I would tend to agree with Douglas that today, one has the feeling that the confirmation of charges phase is a waste of time, for example because decisions on the confirmation of charges actually provide very little guidance on the content of the charges (including modes of liability) and relevant evidence. The process appears cumbersome and long and in need of a reform. I would not, however, be as critical as Douglas for a series of reasons. Read the rest of this entry…

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Part III- This is not fine: The International Criminal Court in Trouble

Published on March 25, 2019        Author: 

Editor’s note: This is the final post in a three-part series. Parts I and II are available here and here.

In this final reflection I would like to offer some concluding remarks based on my previous two posts. Those posts do not break any new ground for those who follow the International Criminal Court closely. However, they represent my attempt to step back and examine some of the Court’s troubles more holistically. Indeed, they barely scratch the surface of various matters one could explore in such a series.

The basic fact remains that in 20 years and almost two complete prosecutorial terms, the Court that ostensibly exists to fight impunity and prosecute those most responsible for the crimes of greatest concern to the international community has managed only three convictions for core international crimes. Of these one was a guilty plea (Al Mahdi), one controversially involved the Court’s judges saving a collapsing case by recharacterizing the mode of liability after the presentation of argument and evidence had concluded and without hearing further argument on point (Katanga), and one took six years to result in a single conviction for the recruitment of child soldiers (Lubanga).

This is not a record of success. The argument I have put forward is first that there are real questions as to whether the Court’s job is possible to do on the present conditions. In my first post I argued that many of the defences made of the Court are simply articulations of the structural requirements for success which are not present. In my second post, I argued that even given those structural limitations it is not obvious that the Court as presently constituted is up to the task. The OTP appears unable to consistently mount successful and convincing cases. While the first Prosecutor must certainly take much of the blame, the second does not appear to have had much success righting the ship. Just as worrying, however, appears to be the breakdown in trust between the OTP and Chambers. Beyond the examples given in my second post, the Pre-Trial Chamber has attempted to circumscribe prosecutorial discretion or direct the course of investigations both in relation to the Cormoros and Bangladesh situations. Further, there are very worrying signs of a breakdown in collegiality among the ICC judges which is damaging both the formal coherence of court decisions and its wider legitimacy. This is before we even touch on the Court’s unsightly history of internal employment litigation and pay disputes, and now reports that the ICC mismanaged property in the Bemba case frozen to provide for any reparation orders. The allegation is that over 10 years Mr Bemba’s property was “left to devalue, dissipate or simply rot.” From the outside, the picture is one of dysfunction.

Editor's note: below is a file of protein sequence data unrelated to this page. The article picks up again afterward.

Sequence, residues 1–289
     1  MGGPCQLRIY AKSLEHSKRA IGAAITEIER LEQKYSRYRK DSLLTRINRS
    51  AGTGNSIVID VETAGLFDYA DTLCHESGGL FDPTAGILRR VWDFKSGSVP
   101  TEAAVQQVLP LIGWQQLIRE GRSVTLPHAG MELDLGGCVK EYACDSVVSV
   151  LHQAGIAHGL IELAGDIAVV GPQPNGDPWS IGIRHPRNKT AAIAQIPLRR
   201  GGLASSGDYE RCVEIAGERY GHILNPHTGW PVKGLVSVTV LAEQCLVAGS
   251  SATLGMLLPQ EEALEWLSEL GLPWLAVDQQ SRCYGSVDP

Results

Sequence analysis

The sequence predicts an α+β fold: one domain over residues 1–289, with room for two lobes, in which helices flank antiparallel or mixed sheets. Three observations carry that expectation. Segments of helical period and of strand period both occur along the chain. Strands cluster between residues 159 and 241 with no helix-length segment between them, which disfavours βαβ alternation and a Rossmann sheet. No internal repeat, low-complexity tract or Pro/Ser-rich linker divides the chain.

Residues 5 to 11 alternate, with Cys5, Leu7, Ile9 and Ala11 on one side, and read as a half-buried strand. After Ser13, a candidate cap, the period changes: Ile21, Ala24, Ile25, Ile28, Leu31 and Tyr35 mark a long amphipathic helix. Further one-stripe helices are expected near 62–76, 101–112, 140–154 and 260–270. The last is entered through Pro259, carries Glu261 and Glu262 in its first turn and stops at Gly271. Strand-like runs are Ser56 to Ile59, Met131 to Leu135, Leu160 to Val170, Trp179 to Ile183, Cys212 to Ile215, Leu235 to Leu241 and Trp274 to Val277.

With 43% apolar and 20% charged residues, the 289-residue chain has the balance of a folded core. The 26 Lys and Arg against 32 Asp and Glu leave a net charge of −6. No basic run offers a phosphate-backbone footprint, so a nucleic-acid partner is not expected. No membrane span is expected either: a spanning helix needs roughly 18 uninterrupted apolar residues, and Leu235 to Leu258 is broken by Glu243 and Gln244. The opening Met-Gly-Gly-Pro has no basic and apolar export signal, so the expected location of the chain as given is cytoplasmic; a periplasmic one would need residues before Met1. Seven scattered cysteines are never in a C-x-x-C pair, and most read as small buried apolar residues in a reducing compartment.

What is to be done? As foreshadowed, I think the answer has to be found in a guiding ethic of modesty and collegiality. I will address this in terms of institutional design, investigations and evidence, and judicial culture. The temptation will be to double down and push harder in the present direction of travel. This would be a mistake. The Court is facing a legitimacy crisis. To survive as an institution, the court is going to need to start making some compromises with reality.

Institutional design

In retrospect, elements of the Court’s design were from the outset overambitious or over-complicated. 

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Part II- This is not fine: The International Criminal Court in Trouble

Published on March 22, 2019        Author: 

Editor’s note: This is Part II of a three-part series. Part I is available here.

Part I of these reflections focused upon the structural constraints faced by the International Criminal Court as a whole. Within this framework, I wish to focus upon the role of individuals and officeholders in the courts success or failure within those constraints, with a focus on the office of the prosecutor and the judges of the court (Chambers). This post thus sets out to address questions of the Court’s internal workings, practices and culture. In relation to the OTP, I will focus on questions of strategy and management; in respect of chambers, questions of collegiality and assessment of evidence. Space precludes an evaluation of the Registry’s contribution to the court’s present woes beyond my earlier allusion to the well-known, long and expensive series of employment law cases brought against it which followed from a previous registrar’s restructuring exercise. Again, little here will seem especially new to close observers of the Court, the point is to pull together a worrying cluster of issues for a broader audience. Warning: long post ahead.